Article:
If we look for a medical office space in the city of Oakland then we will need to abide by their rules and guidelines.
If we hop one little city over, such as Orinda, then we have to abide by their rules. For example, Orinda allows only 1 sign per business. They also don’t allow medical offices to be in visible or traditional retail spaces.
You can visit the city website for your particular locale and there will be some resources listed. You should also visit the county website for licensing requirements and any necessary inspections you might need.
Such resources are handy but having a competent, local lawyer who can guide you is ideal. They will know how to navigate local codes and minimize headaches.
You will likely need to make some changes to the space after you move in. Maybe remove a wall, paint some areas, or change the flooring.
Discuss these with the property manager and get your details written out in a contract. Most of the work will likely be safe to do with a handyman but other work should be done by a licensed and bonded contractor.
Inquire about a preferred contractor for the commercial space. They will likely save you money since they are familiar with that particular commercial building and have done some sort of work on a medical office space before.
Ask the property manager about any furniture that previous tenants have left behind. Or if there is a unit that might be emptied soon, ask them if you can contact the tenant to purchase some of their office equipment.
We were able to get a few free things to furnish our medical office space from a previous pediatric office that was emptied out.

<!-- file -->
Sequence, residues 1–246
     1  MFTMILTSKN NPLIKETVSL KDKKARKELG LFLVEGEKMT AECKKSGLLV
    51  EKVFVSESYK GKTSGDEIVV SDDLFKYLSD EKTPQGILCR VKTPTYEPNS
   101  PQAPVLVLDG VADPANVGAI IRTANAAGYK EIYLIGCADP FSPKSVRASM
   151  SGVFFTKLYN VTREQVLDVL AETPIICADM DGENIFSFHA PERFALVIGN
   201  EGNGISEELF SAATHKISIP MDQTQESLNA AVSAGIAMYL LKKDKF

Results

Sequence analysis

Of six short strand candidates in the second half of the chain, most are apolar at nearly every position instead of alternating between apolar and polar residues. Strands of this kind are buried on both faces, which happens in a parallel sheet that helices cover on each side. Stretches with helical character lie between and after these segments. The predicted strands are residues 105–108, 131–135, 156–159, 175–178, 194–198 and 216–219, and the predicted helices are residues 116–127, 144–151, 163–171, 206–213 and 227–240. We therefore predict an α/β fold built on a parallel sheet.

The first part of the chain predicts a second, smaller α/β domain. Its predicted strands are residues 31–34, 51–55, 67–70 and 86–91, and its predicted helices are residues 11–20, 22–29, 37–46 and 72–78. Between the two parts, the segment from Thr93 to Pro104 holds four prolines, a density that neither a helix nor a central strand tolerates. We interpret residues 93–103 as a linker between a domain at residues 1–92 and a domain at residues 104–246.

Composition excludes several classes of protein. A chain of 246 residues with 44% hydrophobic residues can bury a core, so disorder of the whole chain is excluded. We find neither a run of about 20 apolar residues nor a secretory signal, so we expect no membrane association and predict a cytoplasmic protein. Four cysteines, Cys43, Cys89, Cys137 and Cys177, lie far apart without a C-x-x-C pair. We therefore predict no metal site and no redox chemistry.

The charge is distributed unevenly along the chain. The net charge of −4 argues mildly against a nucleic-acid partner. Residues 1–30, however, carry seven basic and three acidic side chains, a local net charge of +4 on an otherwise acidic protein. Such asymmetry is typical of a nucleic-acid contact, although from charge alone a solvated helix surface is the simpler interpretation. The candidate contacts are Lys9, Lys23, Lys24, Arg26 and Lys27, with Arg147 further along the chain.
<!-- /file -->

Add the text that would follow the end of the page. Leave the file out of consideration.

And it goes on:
Electricity & Plumbing
Most commercial spaces are designed well enough that access to sewage, water, gas, and electricity will be simple. Some units have the sewage and water under the concrete slab – this makes for expensive renovations when you need to add another sink or move the bathroom.
Electricity shouldn’t be an issue since it usually runs in the walls, or even better, in the ceilings.
Make sure there are adequate outlets and that they have high enough amperage for your needs. A 220V outlet isn’t hard to install for an electrician as long as the electrical system of the commercial unit is in good enough shape.
It’s easy to forget about air conditioning and you’d be amazing how many units don’t have A/C. Some medical office spaces have individual A/C units and so you’ll be responsible for servicing your own. Others, will have A/C that supplies all the units in the commercial building.
Rent prices can get confusing. Some units will be listed at $2.45/sqft such as the unit we will be leasing – nothing more to it. Others, have a price per square foot plus additional triple net lease (NNN).
The first unit we looked at was advertised at $2.60/sqft which was fantastic. It was a 1,300 sqft first floor suite with great visibility and plenty of covered parking.
Unfortunately, after touring the unit we found out about the NNN lease which took the price up to nearly $5,000/month. Also, the landlord was calculating a shared waiting room space into the overall space square footage. The unit itself was <1,100 sqft.